He wanted to make marketable brushes of high quality, not the complimentary ones that come with makeup pallets. However, when he visited cosmetics companies carrying his brushes, he was always turned away at the door. He was shut out of the complex and entrenched distribution system employed in the cosmetics industry. He also scanned cosmetics magazines to find the names of professional makeup artists in order to seek direct negotiations with them. But no one wanted to do business with him saying, “The quality is excellent but mass production will be impossible.” The original brand that he set up was relatively unknown, except among a few
“Once a professional makeup artist showed me his favorite brush case. All his brushes were our products. I was so excited. There were still many conventional business practices observed in the small cottage industry of cosmetic brushes. A subcontractor with its own brand trying to do business with major brands in Japan was something unheard of in those days.”
One day while traveling on a Shinkansen bullet train and reading a magazine, he found an article about a Japanese makeup artist working in New York. He asked his nephew who was studying there to “find this artist,” and then he went to the U.S. armed with his favorite brushes. The artist was so deeply impressed by the high quality that he told Mr. Takamoto about an interesting cosmetics company in Canada. Then Mr. Takamoto called his friend in Canada and asked him to “find the company’s contact.” His friend responded by saying, “Hey, Canada is a huge place.” Still, one month later he found the company’s address, and Mr. Takamoto subsequently visited their office in Toronto to engage in direct negotiations.
“Being a makeup artist himself, the president readily understood the level of quality. I was asked, however, if I could really make these brushes. In response, I told him that I was the one who made the brushes (laughingly).”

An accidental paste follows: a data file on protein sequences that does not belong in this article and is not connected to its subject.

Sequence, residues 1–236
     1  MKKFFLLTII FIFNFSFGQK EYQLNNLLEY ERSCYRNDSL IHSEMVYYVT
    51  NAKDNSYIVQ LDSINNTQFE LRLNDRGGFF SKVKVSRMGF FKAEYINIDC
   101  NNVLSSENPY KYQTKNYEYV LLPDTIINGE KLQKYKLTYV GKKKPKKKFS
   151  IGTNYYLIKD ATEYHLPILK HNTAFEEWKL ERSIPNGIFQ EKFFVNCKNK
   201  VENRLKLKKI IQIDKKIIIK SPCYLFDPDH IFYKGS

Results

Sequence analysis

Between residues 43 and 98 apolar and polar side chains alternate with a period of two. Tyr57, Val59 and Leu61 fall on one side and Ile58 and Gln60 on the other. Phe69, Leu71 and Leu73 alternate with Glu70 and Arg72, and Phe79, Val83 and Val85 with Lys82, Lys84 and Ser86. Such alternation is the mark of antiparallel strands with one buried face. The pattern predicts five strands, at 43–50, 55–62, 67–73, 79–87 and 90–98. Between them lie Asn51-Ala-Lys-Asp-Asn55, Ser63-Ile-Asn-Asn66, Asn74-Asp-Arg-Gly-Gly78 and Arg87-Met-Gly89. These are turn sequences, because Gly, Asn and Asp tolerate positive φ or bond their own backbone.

Finally, an OEM supply contract was concluded directly with a major cosmetics company without involving any wholesalers.
The traditional skill of feeling the tips of hairs and removing poor quality hairs using a razor, which is repeated throughout the entire process of making a "makeup brush" of the highest quality, thus giving a pleasant feel to the skin.
It was not mechanization that cleared the hurdle of “mass-producing a large variety of makeup brushes having uniform quality.” It was segmenting the production process and employing tool-handcrafting skills, based on the use of traditional brush-making technology. In line with their slogan, “ours is the fude (‘high quality handcraft brush’ in Japanese) not the brush whose tips are cut to alignment,” the company conducted the painstaking process of manually aligning the tips of the brushes instead of simply cutting them. This process involves the skillful selection and removal of defective or bent hairs by using the sensitivity of fingertips. This task is repeated throughout the entire production process, resulting in 30 to 50% of the original hairs at the beginning of the process eventually being removed, and thus ensuring high quality. A specially designed, handcrafted wooden tube called Koma is used in this process where the tips of brushes are arranged in a spherical form.